WORLD-RENOWNED basketball trainer Joe Abunassar believes it is just a matter of time before a Filipino finally gets to play in the NBA.
“I think every year, better and better players are coming. Some of the (Filipino) young players who have trained with us, if they stick with it, they can definitely get to the NBA,” Abunassar told Spin.ph at the sidelines of Friday night’s games in the PBA Commissioner’s Cup.
“It’s in the future for sure for one of them to hit the NBA if they continue to work because they have the talent, the athleticism and they just need a little bit of luck to go with it.”
Abunassar, who runs the Impact Basketball program in Las Vegas, Los Angeles, and Florida, is in Manila for a five-day visit to conduct basketball clinics to kids and observe some practices among a few college teams.
Abunassar has been credited for the huge improvement of current NBA players led by Brooklyn Nets forward Kevin Garnett, Chauncey Billups, who recently retired after 17 seasons, Al Harrington, Tayshaun Prince, Demarcus Cousins, and Kyle Lowry to name a few.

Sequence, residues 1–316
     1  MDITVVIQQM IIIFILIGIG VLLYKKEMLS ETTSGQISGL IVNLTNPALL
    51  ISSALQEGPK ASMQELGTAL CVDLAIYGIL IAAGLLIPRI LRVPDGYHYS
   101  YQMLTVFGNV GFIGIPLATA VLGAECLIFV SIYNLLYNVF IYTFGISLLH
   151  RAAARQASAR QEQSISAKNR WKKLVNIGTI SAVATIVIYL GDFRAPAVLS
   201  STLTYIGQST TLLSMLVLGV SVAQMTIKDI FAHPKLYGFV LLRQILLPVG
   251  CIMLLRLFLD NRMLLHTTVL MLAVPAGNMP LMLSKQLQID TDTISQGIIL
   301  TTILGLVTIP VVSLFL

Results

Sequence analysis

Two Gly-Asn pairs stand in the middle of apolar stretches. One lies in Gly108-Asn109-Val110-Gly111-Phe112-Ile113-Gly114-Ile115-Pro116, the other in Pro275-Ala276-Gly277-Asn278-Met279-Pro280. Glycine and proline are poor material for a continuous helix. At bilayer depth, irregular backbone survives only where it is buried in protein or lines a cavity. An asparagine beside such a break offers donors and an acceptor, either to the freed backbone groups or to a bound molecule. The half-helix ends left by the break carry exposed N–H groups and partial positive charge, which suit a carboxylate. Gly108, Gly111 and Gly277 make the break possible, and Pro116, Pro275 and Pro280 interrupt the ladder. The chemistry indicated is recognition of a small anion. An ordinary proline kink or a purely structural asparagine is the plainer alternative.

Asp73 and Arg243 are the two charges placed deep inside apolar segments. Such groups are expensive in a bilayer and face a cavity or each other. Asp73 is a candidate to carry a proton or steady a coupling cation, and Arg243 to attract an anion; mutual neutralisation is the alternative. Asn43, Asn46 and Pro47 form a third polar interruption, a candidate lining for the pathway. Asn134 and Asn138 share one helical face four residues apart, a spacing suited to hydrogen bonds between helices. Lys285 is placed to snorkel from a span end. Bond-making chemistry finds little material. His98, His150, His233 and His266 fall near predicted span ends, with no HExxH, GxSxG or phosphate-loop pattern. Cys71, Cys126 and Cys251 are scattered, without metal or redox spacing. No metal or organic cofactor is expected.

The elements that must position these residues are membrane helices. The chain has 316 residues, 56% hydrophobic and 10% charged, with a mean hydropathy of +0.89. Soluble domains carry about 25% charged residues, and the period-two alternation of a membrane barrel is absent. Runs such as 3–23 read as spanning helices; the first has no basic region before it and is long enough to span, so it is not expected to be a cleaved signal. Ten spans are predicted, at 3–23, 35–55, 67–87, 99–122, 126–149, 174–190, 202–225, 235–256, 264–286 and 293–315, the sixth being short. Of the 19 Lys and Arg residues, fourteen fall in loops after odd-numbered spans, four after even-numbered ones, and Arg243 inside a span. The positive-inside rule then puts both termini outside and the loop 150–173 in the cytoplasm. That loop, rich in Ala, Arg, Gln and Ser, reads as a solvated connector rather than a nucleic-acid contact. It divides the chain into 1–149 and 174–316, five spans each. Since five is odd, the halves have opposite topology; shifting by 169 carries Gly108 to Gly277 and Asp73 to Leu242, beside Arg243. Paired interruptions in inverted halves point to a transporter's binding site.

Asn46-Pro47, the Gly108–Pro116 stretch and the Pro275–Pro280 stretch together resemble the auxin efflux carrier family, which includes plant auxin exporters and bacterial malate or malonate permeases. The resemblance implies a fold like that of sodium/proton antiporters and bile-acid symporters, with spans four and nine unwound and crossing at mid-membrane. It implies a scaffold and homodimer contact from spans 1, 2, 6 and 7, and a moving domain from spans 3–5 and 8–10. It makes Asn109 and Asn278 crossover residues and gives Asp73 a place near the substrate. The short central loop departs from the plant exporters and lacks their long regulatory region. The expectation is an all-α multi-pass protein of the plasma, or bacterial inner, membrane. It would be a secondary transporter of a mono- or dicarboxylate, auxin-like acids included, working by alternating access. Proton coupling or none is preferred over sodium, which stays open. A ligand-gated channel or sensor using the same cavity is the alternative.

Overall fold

The former US college coach-turned-basketball trainer took time to watch the KIA-Meralco match at the Cuneta Astrodome and reconnect with Bolts coach Norman Black, an old friend.
“We’re talking to coach Norman’s team, and really, the love for basketball here (Philippines) is something special. The willingness to work and work on their skill is at a high level,” Abunassar said.
Abunassar said his friendship with Black dates back to the veteran mentor’s college coaching career with Ateneo, when the multi-titled coach would regularly bring the Blue Eagles for training in Abunassar’s training center in Las Vegas before the UAAP season starts.
Of the many Ateneo players who have trained under the watchful eyes of the former assistant of Indiana coach Bobby Knight, Abunassar spoke highly of veteran star Kiefer Ravena.
“We got so many guys like Kiefer Ravena who has been with us for a long time and finally, he got his body in great, great shape and playing at a very high level,” he said.
“We really have been pushing them (players in the training center) to just push themselves and improve their skills everyday.”